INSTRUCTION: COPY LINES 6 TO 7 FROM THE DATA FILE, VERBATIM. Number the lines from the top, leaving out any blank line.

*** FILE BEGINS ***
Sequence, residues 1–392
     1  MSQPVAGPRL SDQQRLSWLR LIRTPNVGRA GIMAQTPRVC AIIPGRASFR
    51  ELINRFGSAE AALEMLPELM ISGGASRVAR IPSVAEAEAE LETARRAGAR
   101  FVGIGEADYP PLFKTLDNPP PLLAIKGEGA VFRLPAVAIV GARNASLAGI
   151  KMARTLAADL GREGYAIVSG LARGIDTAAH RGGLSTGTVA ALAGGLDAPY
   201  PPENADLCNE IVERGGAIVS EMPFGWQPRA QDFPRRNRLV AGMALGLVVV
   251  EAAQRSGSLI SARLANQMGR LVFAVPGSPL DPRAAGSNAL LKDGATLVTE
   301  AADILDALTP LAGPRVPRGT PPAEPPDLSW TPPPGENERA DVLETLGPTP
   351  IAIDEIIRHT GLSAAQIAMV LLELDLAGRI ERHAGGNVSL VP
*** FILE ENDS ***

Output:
   201  PPENADLCNE IVERGGAIVS EMPFGWQPRA QDFPRRNRLV AGMALGLVVV
   251  EAAQRSGSLI SARLANQMGR LVFAVPGSPL DPRAAGSNAL LKDGATLVTE